:cheers: vic
So the brushless EBP 23 [6 GPM] looks like the best possibility.

:cheers: vic
 
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220629

Well-known member
A brushless pump that Midwestdrifter has used with success.

I posted it in another thread, but this brushless pump can be adapted to work. You need to replace the factory electrical connector with a compatible one (this one will fit if you file down one of the plastic ridges and press hard). You will also need to modify the factory P clamp to hold the larger pump body, I just cut it, drilled holes, and used a big zip tie. This pump is an OE specified part for a numerous VW models, so it should be reliable (mine has worked for 30k miles thus far). Being brushless and sealed, it should outlast the MB OE pump.


T1NcoolantPumpBrushless.jpg

vic
 

Kajtek1

1922 Ford T. No OBD
1 main difference you might notice - Mercedes is using magnetic clutch for the pump, when other options looks like direct drive.
Don't know how critical that might be, but MB seldom does something without some kind of research.
Living in warm climates I only had to deal with this pump once, on vehicle with almost 300,000 miles.
 

220629

Well-known member
[QUOTE
The brushless pump is magnetically coupled.

Product Description
Bosch Auxiliary Electric Water Pumps are designed and manufactured to rigorous Original Equipment Manufacturer (OEM) quality standards. Exact OE fit, form, and function ensure a trouble-free installation process and restoration of your vehicles' cooling performance. Bosch pumps feature quality electro magnets and smart circuits, that ensure harmonized operation with the vehicle system, and a sealed pump chamber that protects the pump's electronic components. Every Bosch Auxiliary Electric Water Pump benefits from the technological and manufacturing experience gained from decades of OE supplier experience, ensuring long-lasting, superior performance. Every Bosch auxiliary water pump is 'end-of-line' function and leak tested before leaving the manufacturing facility to ensure highest quality and performance for superior customer satisfaction.
 

Midwestdrifter

Engineer In Residence
You are talking about things you have no knowledge about.

Living in warm climates I only had to deal with this pump once, on vehicle with almost 300,000 miles.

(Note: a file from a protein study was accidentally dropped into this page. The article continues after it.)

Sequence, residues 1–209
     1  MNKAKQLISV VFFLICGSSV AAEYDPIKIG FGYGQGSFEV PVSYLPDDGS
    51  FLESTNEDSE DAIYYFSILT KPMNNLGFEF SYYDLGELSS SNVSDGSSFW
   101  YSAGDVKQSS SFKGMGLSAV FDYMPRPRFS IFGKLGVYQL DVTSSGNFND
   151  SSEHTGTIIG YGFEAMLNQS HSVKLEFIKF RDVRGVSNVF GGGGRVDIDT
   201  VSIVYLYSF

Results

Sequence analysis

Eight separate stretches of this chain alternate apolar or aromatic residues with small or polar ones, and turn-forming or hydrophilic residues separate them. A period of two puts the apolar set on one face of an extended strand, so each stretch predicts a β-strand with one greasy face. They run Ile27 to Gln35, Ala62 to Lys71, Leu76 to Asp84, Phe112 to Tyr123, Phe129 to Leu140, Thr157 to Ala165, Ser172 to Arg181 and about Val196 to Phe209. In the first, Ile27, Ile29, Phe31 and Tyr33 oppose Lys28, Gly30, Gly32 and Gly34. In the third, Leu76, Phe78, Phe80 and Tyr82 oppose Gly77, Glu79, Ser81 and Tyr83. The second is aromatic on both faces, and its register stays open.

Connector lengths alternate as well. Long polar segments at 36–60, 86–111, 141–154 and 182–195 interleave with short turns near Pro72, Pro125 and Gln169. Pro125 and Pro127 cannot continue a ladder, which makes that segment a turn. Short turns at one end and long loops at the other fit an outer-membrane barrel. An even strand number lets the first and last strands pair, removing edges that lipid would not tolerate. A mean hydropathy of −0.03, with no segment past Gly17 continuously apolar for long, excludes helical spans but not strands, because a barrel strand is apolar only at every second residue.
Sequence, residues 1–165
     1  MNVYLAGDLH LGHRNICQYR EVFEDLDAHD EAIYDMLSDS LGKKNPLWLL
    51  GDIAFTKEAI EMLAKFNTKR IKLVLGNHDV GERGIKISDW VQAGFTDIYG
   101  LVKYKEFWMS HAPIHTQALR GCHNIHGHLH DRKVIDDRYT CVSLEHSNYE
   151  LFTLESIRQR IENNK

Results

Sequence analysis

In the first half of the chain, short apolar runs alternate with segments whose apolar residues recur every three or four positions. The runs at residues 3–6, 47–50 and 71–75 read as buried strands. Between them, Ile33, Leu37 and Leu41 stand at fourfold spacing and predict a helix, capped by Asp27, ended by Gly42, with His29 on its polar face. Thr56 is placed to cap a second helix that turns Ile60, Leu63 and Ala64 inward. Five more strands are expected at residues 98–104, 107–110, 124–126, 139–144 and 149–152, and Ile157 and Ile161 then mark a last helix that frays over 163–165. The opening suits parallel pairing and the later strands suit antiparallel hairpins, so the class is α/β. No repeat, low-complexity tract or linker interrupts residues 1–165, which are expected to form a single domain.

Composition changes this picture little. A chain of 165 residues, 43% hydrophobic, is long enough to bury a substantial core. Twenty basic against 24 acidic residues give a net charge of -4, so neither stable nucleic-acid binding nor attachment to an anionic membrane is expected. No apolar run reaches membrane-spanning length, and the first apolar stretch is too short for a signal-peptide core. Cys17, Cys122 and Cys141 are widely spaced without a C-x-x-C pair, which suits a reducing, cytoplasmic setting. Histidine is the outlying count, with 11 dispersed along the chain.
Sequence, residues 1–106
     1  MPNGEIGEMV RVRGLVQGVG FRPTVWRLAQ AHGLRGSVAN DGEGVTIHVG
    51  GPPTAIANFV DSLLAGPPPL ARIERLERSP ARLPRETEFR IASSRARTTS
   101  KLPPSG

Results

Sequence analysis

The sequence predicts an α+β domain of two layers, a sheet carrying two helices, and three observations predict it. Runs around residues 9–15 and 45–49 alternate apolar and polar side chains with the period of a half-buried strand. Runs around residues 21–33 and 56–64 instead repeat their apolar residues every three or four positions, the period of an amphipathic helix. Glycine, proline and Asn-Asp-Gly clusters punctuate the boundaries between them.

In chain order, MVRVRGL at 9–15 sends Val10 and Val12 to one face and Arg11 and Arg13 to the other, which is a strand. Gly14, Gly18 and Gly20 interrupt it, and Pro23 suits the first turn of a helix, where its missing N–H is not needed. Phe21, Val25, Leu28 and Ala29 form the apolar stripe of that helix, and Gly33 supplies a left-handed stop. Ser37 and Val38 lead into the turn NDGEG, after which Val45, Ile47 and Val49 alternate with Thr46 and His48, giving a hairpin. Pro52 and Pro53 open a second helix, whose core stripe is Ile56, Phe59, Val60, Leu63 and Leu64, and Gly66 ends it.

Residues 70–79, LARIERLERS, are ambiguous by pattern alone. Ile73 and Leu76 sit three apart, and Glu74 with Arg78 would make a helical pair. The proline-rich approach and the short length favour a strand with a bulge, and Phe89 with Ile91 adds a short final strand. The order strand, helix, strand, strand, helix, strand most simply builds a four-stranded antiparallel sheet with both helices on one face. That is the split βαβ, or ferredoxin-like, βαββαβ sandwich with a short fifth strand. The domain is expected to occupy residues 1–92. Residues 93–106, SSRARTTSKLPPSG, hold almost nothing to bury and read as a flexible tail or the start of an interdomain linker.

T1Ns (in north America at least), run the aux pump whenever the engine is running. So your experience with other vehicles is not readily applicable. Reports show that these pumps will last 60-100k miles. I have replaced two of them, one at ~80k miles, and the second one at 45k miles. I expect the replacement to last twice that.
 

owner

Oz '03 316CDI LWB ex-Ambo Patient Transport
This reminds me my 25W TopsFlo brushless pump has started to make a loud noise during operation. I'm going to buy one of these Bosch ones to replace it before it totally dies. I think the topsflo may have suffered a couple of excursions above 115DegC when I had a faulty fan clutch.
 

Thanasis

Active member
Vic, The product description appears to be generic, applying to Bosch electrical pumps in general. Wonder why the word brushless is missing.
 

220629

Well-known member
Vic, The product description appears to be generic, applying to Bosch electrical pumps in general. Wonder why the word brushless is missing.
Good point.

Regardless of style, the pump design is centrifugal. Whether it is magnetically coupled or the impeller is mounted directly to the shaft (direct drive) it has little effect on the gpm or other performance of the pump.

The pump gets good reviews. Most of the negative comments relate to the particular electrical connector being difficult to source.

"the hard shell connector is part #4D09711992" was mentioned.

Personally I would just use the appropriate sized slide on connectors, include some Vaseline for corrosion resistance, and pack the connector body with duct seal or other putty. It's only 12 VDC.

There was a comment about mounting being different, but MWD's cable tie solution sounds like a good answer for that. :thumbup:
I posted it in another thread, but this brushless pump can be adapted to work. You need to replace the factory electrical connector with a compatible one (this one will fit if you file down one of the plastic ridges and press hard). You will also need to modify the factory P clamp to hold the larger pump body, I just cut it, drilled holes, and used a big zip tie. This pump is an OE specified part for a numerous VW models, so it should be reliable (mine has worked for 30k miles thus far). Being brushless and sealed, it should outlast the MB OE pump.


vic
 
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220629

Well-known member
Can anybody confirm that?
Hard to believe they would pump hot water into cabin core mid-summer.
I have confirmed it. A properly operating pump runs 100% of the time that an OM647 engine is operating. I experimented with that on a 2004. I ass-u-me that applies to the OM612 engines also. Feel free to run the experiment on your T1N.

The heater valve that is controlled by the ATC keeps hot coolant from circulating through the heater core aka matrix when not needed. That is a standard design on T1N's and most every other modern vehicle on the road.

vic